In 1976, vintners witnessed one of the most shocking upsets in winemaking history. Prior to that year, West Coast vineyards had been producing excellent wines, but few traditional European tastemakers paid any notice to the upstart winemakers in Northern California.

In the mid-1970s, a British wine merchant named Steven Spurrier organized a global wine tasting competition called "the Judgement of Paris." Spurrier allowed American wines to be included, but he himself believed that they would do poorly; in his shop, he only sold French wines.

However, to his surprise, a Napa Valley wine outranked French vintages at the tasting competition. During a blind tasting, California wines were rated the best in every category, shocking French winemakers—long considered the best in the world—and surprising wine lovers the world over. Napa Valley showed the winemaking world the power of the California terroir with unparalleled Cabernet Sauvignons, which continue to delight and surprise gourmands all over the globe.

The History of Cabernet Sauvignon

The origin of Cabernet Sauvignon was unknown until 1996 when a group of wine researchers at UC Davis discovered the origins of this variety of grape. In the seventeenth century, in the southwest of France, a red Cabernet Franc grape plant and a Sauvignon blanc grape plant accidentally bred, creating the birth of what is now the most popular grape throughout the world.

Cabernet Sauvignon soon became adopted in many parts of France by winemakers searching for plants that were more durable and easier to grow. It soon became the champion in the Bordeaux region. Winemakers loved the grapes because of their perfect level of tannins, allowing them to age wonderfully. They also noticed that the wine aged beautifully in oak because the oak introduced new flavors to the wine. Cabernet Sauvignon grapes are known for thick and durable skin, making them suitable for the Bordeaux region while having delicious tasting notes.

Bordeaux wines were being enjoyed by people all around the world. Since Bordeaux wines were in close proximity to the ocean, they were more accessible to trading ships, unlike other inland regions. As Bordeaux labels became recognized around the world, so did Cabernet Sauvignon.

Napa Valley’s Impact on New World Cabernet Sauvignon   

Cabernet Sauvignon quickly began to spread across the world, and more and more vineyards began to grow them. However, no region revolutionized the wine industry with the creation of Cabernet Sauvignon like Napa Valley. In 1976, a Cabernet Sauvignon from Stags’ Leap in Napa Valley beat out the top Bordeaux Chateaus in the 1976 Judgement of Paris in a blind taste test. Soon after, Napa Valley Cabernet Sauvignon was launched into the world, and it became popular at steakhouses worldwide. In 1985, the well-known Bordeaux wine critic, Robert Parker, awarded the 1985 Groth Napa Valley Cabernet Sauvignon a perfect 100-point score.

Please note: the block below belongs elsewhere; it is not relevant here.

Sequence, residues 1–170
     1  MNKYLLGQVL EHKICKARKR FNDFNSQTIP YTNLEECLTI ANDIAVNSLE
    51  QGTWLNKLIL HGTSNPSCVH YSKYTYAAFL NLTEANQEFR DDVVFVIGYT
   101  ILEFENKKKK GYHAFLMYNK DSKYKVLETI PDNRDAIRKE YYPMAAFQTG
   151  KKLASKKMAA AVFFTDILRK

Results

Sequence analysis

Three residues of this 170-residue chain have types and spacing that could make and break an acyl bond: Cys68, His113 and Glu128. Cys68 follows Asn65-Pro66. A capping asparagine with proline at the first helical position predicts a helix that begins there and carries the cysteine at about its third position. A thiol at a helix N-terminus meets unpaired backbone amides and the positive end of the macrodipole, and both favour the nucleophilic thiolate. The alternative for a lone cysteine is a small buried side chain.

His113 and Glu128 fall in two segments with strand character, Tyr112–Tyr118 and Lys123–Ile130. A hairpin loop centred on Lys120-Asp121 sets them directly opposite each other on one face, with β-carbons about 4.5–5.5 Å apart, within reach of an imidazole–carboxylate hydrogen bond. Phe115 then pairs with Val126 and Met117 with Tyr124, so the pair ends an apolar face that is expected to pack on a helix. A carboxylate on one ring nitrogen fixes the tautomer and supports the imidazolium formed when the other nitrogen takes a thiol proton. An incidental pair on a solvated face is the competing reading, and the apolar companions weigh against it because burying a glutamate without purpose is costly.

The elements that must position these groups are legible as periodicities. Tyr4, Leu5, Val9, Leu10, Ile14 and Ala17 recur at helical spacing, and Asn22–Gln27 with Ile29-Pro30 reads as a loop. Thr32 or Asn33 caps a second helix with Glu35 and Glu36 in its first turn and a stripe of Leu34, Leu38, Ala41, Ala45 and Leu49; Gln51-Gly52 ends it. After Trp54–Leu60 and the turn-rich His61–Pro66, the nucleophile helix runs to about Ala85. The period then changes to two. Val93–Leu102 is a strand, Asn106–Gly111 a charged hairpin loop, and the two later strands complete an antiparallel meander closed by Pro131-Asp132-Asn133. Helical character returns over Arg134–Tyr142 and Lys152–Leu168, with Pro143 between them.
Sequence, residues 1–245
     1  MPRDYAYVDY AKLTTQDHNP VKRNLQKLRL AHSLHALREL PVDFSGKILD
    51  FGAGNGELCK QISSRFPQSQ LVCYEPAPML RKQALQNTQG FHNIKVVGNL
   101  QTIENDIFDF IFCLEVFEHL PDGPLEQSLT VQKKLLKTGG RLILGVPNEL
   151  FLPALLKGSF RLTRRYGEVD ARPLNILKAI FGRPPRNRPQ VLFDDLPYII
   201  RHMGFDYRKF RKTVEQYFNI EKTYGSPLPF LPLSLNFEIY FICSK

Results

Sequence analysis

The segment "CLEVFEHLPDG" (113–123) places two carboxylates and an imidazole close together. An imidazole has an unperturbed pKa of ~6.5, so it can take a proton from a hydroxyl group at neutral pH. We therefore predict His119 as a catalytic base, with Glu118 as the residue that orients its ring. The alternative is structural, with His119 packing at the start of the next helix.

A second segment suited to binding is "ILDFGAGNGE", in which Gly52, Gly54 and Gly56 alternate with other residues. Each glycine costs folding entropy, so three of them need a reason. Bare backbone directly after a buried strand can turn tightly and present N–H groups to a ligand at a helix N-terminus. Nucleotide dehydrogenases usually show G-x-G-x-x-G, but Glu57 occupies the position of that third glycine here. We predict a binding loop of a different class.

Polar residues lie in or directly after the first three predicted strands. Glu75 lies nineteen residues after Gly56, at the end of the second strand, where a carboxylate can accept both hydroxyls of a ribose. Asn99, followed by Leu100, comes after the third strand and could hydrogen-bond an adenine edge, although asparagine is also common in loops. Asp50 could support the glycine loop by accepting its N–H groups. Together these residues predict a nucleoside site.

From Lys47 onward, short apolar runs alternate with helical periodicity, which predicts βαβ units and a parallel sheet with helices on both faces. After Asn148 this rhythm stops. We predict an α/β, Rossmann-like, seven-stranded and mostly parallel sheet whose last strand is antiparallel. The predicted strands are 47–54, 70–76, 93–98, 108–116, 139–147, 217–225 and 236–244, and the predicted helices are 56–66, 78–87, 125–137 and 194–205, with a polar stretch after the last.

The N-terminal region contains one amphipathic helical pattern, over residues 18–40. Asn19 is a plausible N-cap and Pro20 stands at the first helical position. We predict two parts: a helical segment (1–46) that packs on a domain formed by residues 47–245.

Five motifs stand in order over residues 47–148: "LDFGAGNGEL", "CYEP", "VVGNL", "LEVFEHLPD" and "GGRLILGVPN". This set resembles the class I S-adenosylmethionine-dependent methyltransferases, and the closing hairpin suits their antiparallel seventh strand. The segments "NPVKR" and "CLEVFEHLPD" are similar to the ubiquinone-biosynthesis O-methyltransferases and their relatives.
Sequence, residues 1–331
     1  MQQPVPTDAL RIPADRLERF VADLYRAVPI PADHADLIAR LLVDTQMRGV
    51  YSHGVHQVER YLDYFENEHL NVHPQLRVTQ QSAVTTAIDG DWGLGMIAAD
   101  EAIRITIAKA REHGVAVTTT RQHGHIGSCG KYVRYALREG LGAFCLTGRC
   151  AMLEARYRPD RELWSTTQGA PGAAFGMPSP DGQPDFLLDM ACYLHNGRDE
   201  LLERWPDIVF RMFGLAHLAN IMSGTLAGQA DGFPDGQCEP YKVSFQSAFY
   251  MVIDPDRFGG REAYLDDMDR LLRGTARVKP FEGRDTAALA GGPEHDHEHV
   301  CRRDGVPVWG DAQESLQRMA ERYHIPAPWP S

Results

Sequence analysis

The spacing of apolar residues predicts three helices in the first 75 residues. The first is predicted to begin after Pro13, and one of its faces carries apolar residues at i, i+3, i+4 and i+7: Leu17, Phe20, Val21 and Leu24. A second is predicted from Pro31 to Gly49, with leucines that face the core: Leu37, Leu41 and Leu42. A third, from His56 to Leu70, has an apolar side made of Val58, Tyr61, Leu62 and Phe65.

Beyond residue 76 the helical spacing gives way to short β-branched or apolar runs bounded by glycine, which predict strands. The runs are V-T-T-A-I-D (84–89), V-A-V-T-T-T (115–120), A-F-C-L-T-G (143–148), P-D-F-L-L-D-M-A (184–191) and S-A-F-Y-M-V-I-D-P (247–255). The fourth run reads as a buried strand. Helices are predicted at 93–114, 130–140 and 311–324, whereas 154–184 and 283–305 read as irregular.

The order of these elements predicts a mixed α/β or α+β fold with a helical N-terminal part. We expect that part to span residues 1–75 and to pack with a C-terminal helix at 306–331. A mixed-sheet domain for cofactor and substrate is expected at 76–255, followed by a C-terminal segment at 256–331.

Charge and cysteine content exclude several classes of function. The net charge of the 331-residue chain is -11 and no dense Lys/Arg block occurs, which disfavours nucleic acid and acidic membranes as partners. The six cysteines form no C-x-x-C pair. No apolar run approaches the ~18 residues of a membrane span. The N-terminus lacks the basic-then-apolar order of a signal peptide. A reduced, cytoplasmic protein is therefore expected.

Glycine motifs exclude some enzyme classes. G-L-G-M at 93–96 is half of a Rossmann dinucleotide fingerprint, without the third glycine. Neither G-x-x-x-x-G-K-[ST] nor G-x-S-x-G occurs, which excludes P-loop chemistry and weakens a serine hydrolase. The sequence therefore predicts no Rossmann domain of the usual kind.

In 1990, Cabernet Sauvignon became the 8th most grown grape in the world. By 2010, it became the most popular grape variety. To this day, there are more than 742,000 acres of Cabernet Sauvignon planted around the globe. In Napa Valley and Sonoma County alone, there were over 24,000 acres in 2016, with more than 566,500 tons of grapes crushed. Now, Napa Valley has a decades-long reputation for its delicious and ultra-premium Cabernet Sauvignons.

Why Do Wine Enthusiasts Love Cabernet Sauvignon?

Cabernet Sauvignon is known for its dark color, full-body, and alcohol content over 13.5%. Due to its limited genetic diversity, winemakers continue working on new varieties to bring out its distinctive characteristics.

Because of its depth of flavor, acidity, tannins, and age-worthiness, Cabernet Sauvignon is easy to pair with food. One of the most popular Cabernet Sauvignon food pairings is beef, such as T-bone, ribeye, or New York Strip. The fat in steak interacts with tannins and helps cuts down the grip of tannins and makes the taste more approachable.

Theorem Vineyard’s Cabernet Sauvignon

Theorem Vineyards is a proud part of our world-famous wine-growing region, as we get to share our ultra-premium Cabernet Sauvignon with people from around the world. When we purchased our Napa Valley estate in 2012, we discovered Cabernet Sauvignon vines that were originally planted in 1985—the same year that Napa Valley established itself as a world-class wine-producing region. Our team realized the superb quality of the grapes, and we used it to create our first vintage: Voir Dire. Theorem Vineyard’s Voir Dire is our flagship Cabernet Sauvignon, and it continues to be made from the remarkable 1985 vines.

Theorem Vineyard’s Hawk’s Prey is also a 100% Cabernet Sauvignon made from our Diamond Mountain estate. The Hawk’s Prey vineyard is 2.29 acres and was aged for 18 months in 65% new French oak barrels. Hawk’s Prey has an opaque purple core out to a ruby red rim. On the nose, there are elegant and complex aromas of ripe plums, milk chocolate, wild blackberries, cassis, violets, warm freshly tilled earth, and baking spice.

Schedule Your Visit to Theorem Vineyards Today!

Experience the winemaking process of Cabernet Sauvignon firsthand at Theorem Vineyards. With the restoration of our historic 1800s estate in the Diamond Mountain District AVA, we seek to uncover the truth of this land through wines that capture the beauty and spirit of this magical place. We are proud to share the creation of our ultra-premium Cabernet Sauvignon with people across the world, and we would love to share it with you on a tour of Theorem Vineyards.

Call us today at (707) 942-4254 to schedule your tour at Theorem Vineyards today!